TOKYO -- Japan, the U.K. and more than 70 other countries plan to form an alliance this fall to jointly procure 2 billion doses of coronavirus vaccines by 2021, looking to gain financial leverage in talks with pharmaceutical companies.
The partnership, initially pitched around June by Japan, the U.K., Germany, France and the European Union, aims to pool up to $20 billion. The alliance, named Covax, will pay vaccine makers in advance and procure doses for member countries. Supplies for individual nations will be capped at 20% of the population.
The U.S. and China each have deep enough pockets to negotiate vaccine deals independently, putting others at a disadvantage. Japan intends to use the partnership to level the playing field in talks with vaccine developers, especially when dealing with a Chinese or American manufacturer.
About 75 nations have expressed interest, including Canada, South Korea and Argentina. Membership requires an upfront investment, and the deadline for joining the group is set for the end of August. But the EU has been reluctant, with Germany and France noncommittal at this time, a source close to the Japanese government said, .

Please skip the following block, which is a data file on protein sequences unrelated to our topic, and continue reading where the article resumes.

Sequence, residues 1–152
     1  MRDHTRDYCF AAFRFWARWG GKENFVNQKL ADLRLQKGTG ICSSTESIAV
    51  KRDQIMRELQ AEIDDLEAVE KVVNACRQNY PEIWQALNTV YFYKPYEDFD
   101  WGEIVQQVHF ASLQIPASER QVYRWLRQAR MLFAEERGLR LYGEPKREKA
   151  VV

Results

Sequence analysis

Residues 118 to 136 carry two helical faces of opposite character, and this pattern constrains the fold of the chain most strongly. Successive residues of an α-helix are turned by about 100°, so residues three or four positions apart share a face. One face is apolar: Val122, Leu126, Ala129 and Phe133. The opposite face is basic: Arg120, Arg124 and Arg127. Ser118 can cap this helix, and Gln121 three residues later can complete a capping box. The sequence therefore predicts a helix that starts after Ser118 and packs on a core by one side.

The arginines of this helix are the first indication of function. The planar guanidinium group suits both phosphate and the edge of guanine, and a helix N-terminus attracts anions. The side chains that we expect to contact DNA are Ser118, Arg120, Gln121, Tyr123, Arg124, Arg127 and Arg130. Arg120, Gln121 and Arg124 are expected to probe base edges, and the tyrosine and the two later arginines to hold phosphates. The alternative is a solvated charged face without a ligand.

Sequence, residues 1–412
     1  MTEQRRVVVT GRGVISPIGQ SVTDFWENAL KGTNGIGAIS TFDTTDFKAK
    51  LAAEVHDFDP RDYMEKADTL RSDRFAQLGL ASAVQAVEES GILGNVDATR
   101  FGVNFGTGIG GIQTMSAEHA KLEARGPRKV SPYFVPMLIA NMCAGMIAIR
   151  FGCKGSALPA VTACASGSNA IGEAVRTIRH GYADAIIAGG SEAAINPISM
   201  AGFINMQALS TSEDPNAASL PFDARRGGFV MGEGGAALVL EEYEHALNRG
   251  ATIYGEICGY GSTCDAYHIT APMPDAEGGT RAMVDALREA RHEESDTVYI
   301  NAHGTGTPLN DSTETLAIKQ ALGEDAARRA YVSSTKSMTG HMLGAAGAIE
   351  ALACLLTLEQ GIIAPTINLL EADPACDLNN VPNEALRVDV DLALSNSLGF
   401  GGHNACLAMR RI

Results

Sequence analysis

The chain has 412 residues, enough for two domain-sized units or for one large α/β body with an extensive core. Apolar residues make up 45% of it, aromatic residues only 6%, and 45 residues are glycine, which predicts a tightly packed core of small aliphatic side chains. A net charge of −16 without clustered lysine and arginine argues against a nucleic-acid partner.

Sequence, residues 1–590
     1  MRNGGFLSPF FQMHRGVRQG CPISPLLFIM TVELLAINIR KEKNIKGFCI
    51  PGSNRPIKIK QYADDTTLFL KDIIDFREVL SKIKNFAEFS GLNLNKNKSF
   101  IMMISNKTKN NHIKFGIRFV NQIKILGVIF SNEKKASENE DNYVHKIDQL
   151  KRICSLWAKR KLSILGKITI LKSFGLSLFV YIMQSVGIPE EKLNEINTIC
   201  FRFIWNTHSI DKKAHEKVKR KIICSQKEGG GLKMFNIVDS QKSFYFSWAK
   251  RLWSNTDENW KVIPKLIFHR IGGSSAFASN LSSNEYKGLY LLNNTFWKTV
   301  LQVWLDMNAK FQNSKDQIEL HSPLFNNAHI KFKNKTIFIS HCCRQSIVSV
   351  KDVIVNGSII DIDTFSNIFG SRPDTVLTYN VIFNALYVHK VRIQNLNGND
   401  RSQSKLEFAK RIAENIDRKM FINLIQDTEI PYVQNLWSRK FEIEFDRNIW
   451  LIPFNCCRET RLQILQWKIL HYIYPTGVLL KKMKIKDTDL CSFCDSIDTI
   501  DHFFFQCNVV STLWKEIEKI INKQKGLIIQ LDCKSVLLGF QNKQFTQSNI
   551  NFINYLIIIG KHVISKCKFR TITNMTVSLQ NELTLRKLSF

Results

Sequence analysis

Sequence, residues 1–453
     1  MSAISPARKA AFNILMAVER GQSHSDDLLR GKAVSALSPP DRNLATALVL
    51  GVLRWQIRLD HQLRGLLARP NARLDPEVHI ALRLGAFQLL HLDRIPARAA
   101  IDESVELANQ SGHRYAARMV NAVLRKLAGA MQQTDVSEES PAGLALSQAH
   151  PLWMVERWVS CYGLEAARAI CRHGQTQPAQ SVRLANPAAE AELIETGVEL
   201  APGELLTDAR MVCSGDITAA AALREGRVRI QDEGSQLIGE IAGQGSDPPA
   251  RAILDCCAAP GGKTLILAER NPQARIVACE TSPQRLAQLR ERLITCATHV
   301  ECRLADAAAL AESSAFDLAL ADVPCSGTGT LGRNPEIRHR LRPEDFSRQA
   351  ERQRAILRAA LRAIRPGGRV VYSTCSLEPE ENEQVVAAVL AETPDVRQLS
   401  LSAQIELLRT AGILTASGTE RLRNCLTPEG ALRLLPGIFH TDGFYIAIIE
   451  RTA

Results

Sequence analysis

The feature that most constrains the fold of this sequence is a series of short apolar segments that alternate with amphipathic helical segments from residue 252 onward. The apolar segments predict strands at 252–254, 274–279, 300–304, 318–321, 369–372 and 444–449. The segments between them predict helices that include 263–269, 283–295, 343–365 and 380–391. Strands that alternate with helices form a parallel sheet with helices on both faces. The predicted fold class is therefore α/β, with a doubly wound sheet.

Gavi, a public-private organization that supports global immunization efforts, will run Covax. Participating nations and groups are expected to contribute over $20 billion combined toward the cause.
The goal is to start supplying vaccines in the first half of 2021. Funds donated to Gavi also will be used to procure doses for distribution in developing countries.
China and the U.S. are unlikely to join the effort, a Japanese government insider said. The U.S., which has the most cases of COVID-19, is competing with Europe to secure vaccine supplies from European makers. Beijing plans to produce the vaccines at home for local consumption.
Tokyo is also busy discussing separate vaccine deals with overseas suppliers. Japan has reached a basic agreement with Pfizer to procure 120 million doses by June 2021, enough to inoculate 60 million people. Japan and AstraZeneca reached another preliminary deal announced Friday to supply 120 million doses.
Securing a stockpile of vaccines is considered crucial for the Tokyo Olympics, now postponed to next summer. Without vaccinations on a global scale, the event will face serious complications.